It is common knowledge that the federal courts of appeals typically hear cases in panels of three judges and that the composition of the panel can have significant consequences for case outcomes and for legal doctrine more generally. Yet neither legal scholars nor social scientists have focused on the question of how judges are selected for their panels. Instead, a substantial body of scholarship simply assumes that panel assignment is random. This Article provides what, up until this point, has been a missing account of panel assignment. Drawing on a multiyear qualitative study of five circuit courts, including in-depth interviews ...


Judicial Retirements And The Staying Power Of U.S. Supreme Court Decisions, Stuart M. Benjamin, Georg Vanberg Jan 2016

Judicial Retirements And The Staying Power Of U.S. Supreme Court Decisions, Stuart M. Benjamin, Georg Vanberg

Faculty Scholarship

The influence of U.S. Supreme Court majority opinions depends critically on how these opinions are received and treated by lower courts, which decide the vast majority of legal disputes. We argue that the retirement of Justices on the Supreme Court serves as a simple heuristic device for lower court judges in deciding how much deference to show to Supreme Court precedent. Using a unique dataset of the treatment of all Supreme Court majority opinions in the courts of appeals from 1953 to 2012, we find that negative treatments of Supreme Court opinions increase, and positive treatments decrease, as the ...


Practice And Precedent In Historical Gloss Games, Joseph Blocher, Margaret H. Lemos Jan 2016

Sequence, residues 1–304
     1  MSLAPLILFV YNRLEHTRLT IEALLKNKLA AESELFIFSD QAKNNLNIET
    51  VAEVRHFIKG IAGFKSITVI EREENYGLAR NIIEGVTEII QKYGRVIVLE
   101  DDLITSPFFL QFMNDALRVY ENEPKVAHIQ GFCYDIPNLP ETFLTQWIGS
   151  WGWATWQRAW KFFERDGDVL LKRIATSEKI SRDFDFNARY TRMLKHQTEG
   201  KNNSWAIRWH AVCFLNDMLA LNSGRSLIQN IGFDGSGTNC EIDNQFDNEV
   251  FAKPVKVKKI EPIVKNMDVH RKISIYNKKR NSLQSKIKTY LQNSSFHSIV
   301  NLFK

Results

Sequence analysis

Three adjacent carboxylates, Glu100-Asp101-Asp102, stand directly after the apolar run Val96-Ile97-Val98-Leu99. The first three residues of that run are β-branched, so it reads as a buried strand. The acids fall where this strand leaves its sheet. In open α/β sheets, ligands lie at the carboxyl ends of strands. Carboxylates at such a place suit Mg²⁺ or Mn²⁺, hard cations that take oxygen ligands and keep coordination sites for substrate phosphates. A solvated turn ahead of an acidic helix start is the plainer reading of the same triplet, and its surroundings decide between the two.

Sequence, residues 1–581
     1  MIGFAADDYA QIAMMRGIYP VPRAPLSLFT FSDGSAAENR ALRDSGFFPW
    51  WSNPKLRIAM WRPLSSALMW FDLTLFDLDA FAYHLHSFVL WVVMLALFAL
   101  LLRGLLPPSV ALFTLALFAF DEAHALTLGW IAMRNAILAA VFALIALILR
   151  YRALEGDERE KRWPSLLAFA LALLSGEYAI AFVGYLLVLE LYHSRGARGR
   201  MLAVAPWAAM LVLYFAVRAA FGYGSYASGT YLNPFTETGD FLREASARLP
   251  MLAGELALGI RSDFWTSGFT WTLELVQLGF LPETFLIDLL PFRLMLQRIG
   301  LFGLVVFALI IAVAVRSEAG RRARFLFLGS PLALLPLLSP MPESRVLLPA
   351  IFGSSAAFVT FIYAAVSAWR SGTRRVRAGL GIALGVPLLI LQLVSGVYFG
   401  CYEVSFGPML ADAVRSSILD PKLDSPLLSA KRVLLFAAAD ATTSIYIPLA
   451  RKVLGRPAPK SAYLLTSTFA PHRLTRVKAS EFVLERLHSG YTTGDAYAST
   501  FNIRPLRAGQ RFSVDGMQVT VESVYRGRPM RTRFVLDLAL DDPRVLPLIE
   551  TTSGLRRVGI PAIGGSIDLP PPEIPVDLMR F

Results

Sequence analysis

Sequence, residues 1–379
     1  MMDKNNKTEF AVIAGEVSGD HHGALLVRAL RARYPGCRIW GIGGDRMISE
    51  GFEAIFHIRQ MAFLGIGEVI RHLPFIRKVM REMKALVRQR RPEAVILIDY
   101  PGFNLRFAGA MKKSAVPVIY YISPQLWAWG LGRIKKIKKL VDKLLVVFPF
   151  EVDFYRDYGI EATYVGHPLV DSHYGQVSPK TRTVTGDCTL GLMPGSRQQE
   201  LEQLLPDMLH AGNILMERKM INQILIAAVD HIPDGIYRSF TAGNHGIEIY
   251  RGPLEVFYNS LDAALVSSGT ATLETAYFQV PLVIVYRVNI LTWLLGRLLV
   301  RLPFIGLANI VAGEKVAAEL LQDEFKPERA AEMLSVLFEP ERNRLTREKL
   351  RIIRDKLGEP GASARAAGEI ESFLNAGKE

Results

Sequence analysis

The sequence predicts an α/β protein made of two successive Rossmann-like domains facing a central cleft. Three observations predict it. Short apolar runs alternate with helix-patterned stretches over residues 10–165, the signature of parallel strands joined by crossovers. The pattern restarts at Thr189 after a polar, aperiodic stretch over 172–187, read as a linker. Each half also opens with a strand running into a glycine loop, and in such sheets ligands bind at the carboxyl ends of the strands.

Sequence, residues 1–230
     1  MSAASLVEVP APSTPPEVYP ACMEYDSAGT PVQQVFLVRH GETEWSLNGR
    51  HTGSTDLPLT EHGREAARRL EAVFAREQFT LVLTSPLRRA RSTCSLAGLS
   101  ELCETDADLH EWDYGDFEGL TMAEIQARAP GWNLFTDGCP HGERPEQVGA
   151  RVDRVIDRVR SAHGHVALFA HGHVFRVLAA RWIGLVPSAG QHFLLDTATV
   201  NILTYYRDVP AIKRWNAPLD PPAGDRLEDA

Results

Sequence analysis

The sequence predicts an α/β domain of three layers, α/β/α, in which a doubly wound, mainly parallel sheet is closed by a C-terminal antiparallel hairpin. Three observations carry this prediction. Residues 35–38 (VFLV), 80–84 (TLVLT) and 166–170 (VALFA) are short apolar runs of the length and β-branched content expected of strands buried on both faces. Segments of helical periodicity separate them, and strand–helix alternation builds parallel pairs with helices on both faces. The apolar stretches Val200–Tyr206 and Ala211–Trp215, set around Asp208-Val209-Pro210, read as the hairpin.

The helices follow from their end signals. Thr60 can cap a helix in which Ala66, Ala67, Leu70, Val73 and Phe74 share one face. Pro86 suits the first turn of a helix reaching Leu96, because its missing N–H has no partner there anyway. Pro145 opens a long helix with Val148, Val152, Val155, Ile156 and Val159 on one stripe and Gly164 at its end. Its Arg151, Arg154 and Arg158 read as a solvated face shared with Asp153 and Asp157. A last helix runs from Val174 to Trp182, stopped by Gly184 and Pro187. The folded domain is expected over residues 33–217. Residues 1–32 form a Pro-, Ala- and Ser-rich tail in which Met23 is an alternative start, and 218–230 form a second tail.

Practice And Precedent In Historical Gloss Games, Joseph Blocher, Margaret H. Lemos

Faculty Scholarship

No abstract provided.


Backlash Against International Courts In West, East And Southern Africa: Causes And Consequences, Karen J. Alter, James T. Gathii, Laurence R. Helfer Jan 2016

Backlash Against International Courts In West, East And Southern Africa: Causes And Consequences, Karen J. Alter, James T. Gathii, Laurence R. Helfer

Faculty Scholarship

This paper discusses three credible attempts by African governments to restrict the jurisdiction of three similarly-situated sub-regional courts in response to politically controversial rulings. In West Africa, when the ECOWAS Court upheld allegations of torture by opposition journalists in the Gambia, that country’s political leaders sought to restrict the Court’s power to review human rights complaints. The other member states ultimately defeated the Gambia’s proposal. In East Africa, Kenya failed in its efforts to eliminate the EACJ and to remove some of its judges after a decision challenging an election to a sub-regional legislature. However, the member ...


The Distinctive Role Of Justice Samuel Alito: From A Politics Of Restoration To A Politics Of Dissent, Neil S. Siegel Jan 2016

The Distinctive Role Of Justice Samuel Alito: From A Politics Of Restoration To A Politics Of Dissent, Neil S. Siegel

Faculty Scholarship

Justice Samuel Alito is regarded by both his champions and his critics as the most consistently conservative member of the current Supreme Court. Both groups seem to agree that he has become the most important conservative voice on the Court. Chief Justice John Roberts has a Court to lead; Justice Antonin Scalia and his particular brand of originalism have passed on; Justice Clarence Thomas is a stricter originalist and so writes opinions that other Justices do not join; and Justice Anthony Kennedy can be ideologically unreliable. Justice Alito, by contrast, is unburdened by the perceived responsibilities of being Chief Justice ...